Seaside holiday camps sprang up, thus avoiding notoriously fussy guest house landladies. The first Butlins opened in Skegness, Lincolnshire in 1936 for 35 shillings a week full board (about £100 today).

This was just ahead of the Holidays with Pay Act of 1938, ensuring one week’s paid holiday a year and meaning the working classes could get away for the first time.

Meanwhile, the upper and middle classes were catching Thomas Cook charter flights to the French Riviera by 1939 — and the ski companies Inghams and Erna Low were also established with journeys on Snow Sports Specials trains to the Alps.


Package holidays in Spain boomed on the back of rapid hotel construction under Franco. Flight times had been cut with the first jet aircraft, Boeing 707s, already flying from 1958. The journey to Palma in Majorca was reduced to two hours when jets were chartered in the mid-1960s.

In 1965, Thomson Holidays was established after the Thomson Organisation, a Canadian business, bought Universal Sky Tours, Gaytours and Riviera Holidays; the latter set up by a wheeler-dealer London taxi driver named Aubrey Morris. Newer Boeing 737s were chartered.

Alicante Airport opened in 1967 accelerating development in Benidorm, where more than 100 hotels were built in ten years. The term “Costa Blanca” was coined to promote tourism.


Package holiday sales soared as price wars between Thomson and Intasun raged. Travel agencies sprang up on high streets.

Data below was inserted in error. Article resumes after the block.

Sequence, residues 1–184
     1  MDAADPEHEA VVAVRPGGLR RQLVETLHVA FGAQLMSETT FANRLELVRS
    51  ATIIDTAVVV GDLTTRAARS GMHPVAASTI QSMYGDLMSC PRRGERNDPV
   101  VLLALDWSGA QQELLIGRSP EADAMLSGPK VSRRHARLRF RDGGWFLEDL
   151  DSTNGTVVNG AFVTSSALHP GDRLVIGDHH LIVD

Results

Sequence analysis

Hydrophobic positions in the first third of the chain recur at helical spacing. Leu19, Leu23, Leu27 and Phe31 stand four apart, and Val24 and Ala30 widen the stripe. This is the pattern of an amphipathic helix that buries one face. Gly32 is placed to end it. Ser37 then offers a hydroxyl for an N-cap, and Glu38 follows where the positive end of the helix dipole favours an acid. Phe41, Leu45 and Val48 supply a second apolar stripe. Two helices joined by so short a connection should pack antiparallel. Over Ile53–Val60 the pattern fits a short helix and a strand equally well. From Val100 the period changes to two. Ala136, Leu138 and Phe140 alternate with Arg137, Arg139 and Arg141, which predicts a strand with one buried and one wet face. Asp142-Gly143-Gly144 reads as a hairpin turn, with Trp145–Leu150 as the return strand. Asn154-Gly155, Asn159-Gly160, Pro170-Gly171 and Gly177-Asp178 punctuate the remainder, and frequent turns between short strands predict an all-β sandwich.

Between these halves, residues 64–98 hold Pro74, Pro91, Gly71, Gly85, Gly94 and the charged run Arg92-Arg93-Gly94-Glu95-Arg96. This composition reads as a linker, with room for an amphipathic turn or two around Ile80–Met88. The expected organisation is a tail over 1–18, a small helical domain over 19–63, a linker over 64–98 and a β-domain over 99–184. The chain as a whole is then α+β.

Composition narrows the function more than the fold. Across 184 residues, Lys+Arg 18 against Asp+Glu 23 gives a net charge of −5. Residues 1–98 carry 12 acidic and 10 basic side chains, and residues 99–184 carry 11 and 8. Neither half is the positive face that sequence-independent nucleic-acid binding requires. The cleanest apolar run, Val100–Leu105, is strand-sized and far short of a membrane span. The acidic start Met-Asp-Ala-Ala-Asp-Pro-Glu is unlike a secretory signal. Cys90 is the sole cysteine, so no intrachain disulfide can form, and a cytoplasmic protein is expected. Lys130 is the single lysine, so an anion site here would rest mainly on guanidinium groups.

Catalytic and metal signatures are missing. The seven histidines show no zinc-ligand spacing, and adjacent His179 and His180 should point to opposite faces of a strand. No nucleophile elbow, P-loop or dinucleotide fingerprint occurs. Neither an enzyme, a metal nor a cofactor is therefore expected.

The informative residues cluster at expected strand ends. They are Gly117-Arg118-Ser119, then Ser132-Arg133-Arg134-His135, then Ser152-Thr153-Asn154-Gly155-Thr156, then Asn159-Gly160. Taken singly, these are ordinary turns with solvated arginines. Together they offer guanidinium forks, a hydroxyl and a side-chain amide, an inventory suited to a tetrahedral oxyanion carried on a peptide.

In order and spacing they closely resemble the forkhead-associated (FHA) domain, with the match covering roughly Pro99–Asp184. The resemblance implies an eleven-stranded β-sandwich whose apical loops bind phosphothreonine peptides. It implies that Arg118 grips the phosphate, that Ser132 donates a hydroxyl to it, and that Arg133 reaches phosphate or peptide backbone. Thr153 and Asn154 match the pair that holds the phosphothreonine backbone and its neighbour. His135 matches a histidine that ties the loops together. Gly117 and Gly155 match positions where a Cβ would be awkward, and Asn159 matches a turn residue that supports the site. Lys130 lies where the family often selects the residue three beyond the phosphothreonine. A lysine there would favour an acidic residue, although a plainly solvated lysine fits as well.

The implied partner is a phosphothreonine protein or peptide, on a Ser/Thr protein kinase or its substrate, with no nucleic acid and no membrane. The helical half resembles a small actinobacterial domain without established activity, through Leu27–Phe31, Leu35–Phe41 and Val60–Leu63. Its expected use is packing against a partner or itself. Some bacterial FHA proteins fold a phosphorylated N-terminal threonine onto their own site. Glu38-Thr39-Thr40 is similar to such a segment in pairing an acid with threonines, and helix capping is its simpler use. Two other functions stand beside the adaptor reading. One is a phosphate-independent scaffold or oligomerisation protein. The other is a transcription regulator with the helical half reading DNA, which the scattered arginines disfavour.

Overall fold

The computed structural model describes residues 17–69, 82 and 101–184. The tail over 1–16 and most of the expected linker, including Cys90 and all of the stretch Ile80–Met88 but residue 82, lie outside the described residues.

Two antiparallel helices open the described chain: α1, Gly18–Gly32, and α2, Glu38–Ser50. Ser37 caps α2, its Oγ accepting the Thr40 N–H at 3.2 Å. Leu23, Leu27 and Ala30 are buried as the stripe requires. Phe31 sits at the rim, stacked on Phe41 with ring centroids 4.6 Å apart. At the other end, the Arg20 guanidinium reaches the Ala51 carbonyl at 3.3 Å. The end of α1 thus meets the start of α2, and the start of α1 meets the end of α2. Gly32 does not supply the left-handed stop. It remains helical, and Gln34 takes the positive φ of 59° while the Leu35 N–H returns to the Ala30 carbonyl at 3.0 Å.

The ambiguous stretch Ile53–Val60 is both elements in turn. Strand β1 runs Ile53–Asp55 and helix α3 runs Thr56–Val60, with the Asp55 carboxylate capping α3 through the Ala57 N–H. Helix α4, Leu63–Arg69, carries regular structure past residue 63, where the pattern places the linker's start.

Most operators prospered during the new decade, with 15m Britons taking package trips in 1994, 56 per cent of the holiday market. Club 18-30, which had been offering cheap holidays for singles since the 1960s, courted controversy with “Beaver Espana” and “Girls, can we interest you in a package holiday?” adverts — the latter accompanied by a picture of a man wearing boxer shorts. Sales soared.

In 1995 Easyjet began Luton-Gatwick flights “for the price of a pair of Levi’s” (then £29.99), bought on the internet during its early days. This was the prelude to a new era.


No-frills airlines with streamlined costs such as Easyjet and Ryanair undercut traditional carriers such as British Airways, Air France and Lufthansa — sometimes with flights for a little as one pence (plus tax). Holidaymakers realised they could book their own trips easily over the internet, taking advantage of cheap online accommodation.


Tour operators increasingly felt the pinch. Ryanair was Europe’s biggest airline in 2018–2019 carrying 152m annual passengers (up from 2m in 1995). The same year, Easyjet had 96m passengers. and became major players for hotels and apartments.

In September 2019 — 178 years after the first Leicester-Loughborough trip — Thomas Cook went bust despite an annual turnover of £9bn and 22,000 staff operating in 16 countries.


Roughly 19m people went on package holidays in 2019 out of a total of 58.7 million overseas holidays — 34 per cent, way down on the 56 per cent of 1994. Could a revival of fortunes be round the corner? Or will the financial crisis confine us to our shores?

Somewhere up above, a former Baptist missionary may be looking down with a keen eye on what happens next.